When the care worker comes to the home, they may need to help with the cleaning of certain areas of the home, making beds, mopping and/or vacuuming of floors. Personal care workers maybe called on to give assistance with showering, bathing, toileting, getting dressed, shaving, helping the particular person in moving around, or perhaps getting in or/and out of the bed and of perhaps medication reminders.

After having my home care workers now for a number of months I am so very grateful and I now look forward to my personal care workers coming to help me wash my hair and generally freshen up. 

Life is about now and I can’t push things away just because it may be icky or intrusive – if these workers can help us still live it’s worth taking a chance and that’s what life is all about. 

Carers help life continue for the chronic illness goddess/warrior and I for one stand in honouring them for all the work they do for us the chronically ill and disabled.

❤️ 

Understanding Chronic Nerve Pain – Neuropathy!

Chronic Nerve Pain it keeps you awake all night…….Let me explain!

So I think everybody at some stage has had tingles or numb fingers or toes or perhaps even felt the nerve at the back of their leg twitch. These are all normal but nothing prepares you for the effects of your nervous system going into major short-circuit mode or in other words CHRONIC NERVE PAIN!
When that happens, you may well find out what it’s like to be one of the millions of people across the world who are living with neuropathy. What is neuropathy? It simply is nerve damage and the cure is? Well …..there isn’t one.

However, those facts tell people who aren’t affected absolutely nothing about what life is like with this chronically difficult to treat condition. Most people have no concept of how nerves work and how essential they are to daily life anyway (why would you, when everything works as it should!) so therefore find it impossible to understand what happens when the nervous system breaks down.

The neuropathy sufferer is faced with the task of explaining their mysteriously weird symptoms to many people who disbelieve what is being felt. 
So as one that is being kept awake a great deal of every night let me explain what happens, Often resulting from damage or degeneration to the nerve itself and cells, that protect the nerves of us the neuropathy sufferers are subjected to a series of confusing and functional breakdowns which send out wrong messages, or no messages at all. It basically can be compared to a short circuit in a electrical system resulting in feelings and sensations that are  pretty unique to the sufferers health issues. Neuropathy affects many people from all over the globe. What does it feel like and why are its symptoms so difficult to explain? There are over 100 causes and also over 100 types of neuropathy, so diagnosing exactly how someone feels with their neuropathy really depends on where the nerve damage is happening and what part of your body is being affected.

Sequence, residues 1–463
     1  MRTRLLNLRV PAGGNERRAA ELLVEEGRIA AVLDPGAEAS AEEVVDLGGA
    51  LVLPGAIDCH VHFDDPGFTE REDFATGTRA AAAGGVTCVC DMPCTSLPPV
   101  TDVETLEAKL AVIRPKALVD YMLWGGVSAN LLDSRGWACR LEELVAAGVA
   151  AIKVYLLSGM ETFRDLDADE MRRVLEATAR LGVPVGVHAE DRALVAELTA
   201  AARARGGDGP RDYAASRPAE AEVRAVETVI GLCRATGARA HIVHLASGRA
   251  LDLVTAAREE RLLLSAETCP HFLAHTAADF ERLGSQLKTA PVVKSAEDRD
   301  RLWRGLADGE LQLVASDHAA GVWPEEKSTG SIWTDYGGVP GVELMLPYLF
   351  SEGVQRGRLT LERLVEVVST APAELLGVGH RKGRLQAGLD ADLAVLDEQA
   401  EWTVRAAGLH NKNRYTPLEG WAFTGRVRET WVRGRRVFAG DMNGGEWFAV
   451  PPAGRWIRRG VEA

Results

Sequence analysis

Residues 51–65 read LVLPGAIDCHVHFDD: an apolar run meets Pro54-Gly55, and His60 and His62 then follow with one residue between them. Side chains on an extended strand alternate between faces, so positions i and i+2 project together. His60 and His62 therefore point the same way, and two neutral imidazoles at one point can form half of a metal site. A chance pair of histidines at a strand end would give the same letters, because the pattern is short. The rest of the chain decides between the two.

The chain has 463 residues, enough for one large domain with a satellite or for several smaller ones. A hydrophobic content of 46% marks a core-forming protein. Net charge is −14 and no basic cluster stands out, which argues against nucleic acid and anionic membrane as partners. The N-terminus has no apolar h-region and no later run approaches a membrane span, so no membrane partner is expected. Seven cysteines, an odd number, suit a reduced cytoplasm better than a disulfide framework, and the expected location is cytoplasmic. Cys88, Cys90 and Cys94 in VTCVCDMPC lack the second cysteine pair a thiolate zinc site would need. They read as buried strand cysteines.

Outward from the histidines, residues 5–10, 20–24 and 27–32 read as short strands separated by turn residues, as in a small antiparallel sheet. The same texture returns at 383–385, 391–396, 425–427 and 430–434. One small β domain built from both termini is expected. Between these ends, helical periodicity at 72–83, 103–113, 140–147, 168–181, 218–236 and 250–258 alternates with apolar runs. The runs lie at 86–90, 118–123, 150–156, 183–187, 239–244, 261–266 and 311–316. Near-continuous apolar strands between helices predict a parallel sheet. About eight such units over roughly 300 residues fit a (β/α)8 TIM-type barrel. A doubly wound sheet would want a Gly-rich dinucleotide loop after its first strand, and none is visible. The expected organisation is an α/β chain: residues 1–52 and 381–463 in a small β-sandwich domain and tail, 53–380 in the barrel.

Generally, neuropathy falls into one of the following four categories:

  • Motor Neuropathy;

Motor means movement, so motor neuropathy is damage to the nerves that control muscular activity and movement in the body. It generally affects feet, legs, hands and arms but can also affect speech.

  • SensoryNeuropathy; 

Sensory means touch, so sensory neuropathy is damage to the nerves controlling what and how you feel. So it can affect how you feel pain, or even the lightest of touches.

  • Autonomic Neuropathy;

Autonomic means involuntary, so autonomic neuropathy affects the nerves directing bodily functions you aren’t aware of and have little control over, such as breathing and heartbeat but also digestion (including bladder and bowel functions), sexual response and circulatory problems. It’s easily the neuropathy with the most serious symptoms.

  • Combination Neuropathies;

A nightmare for many, when you have a combination of the above problems.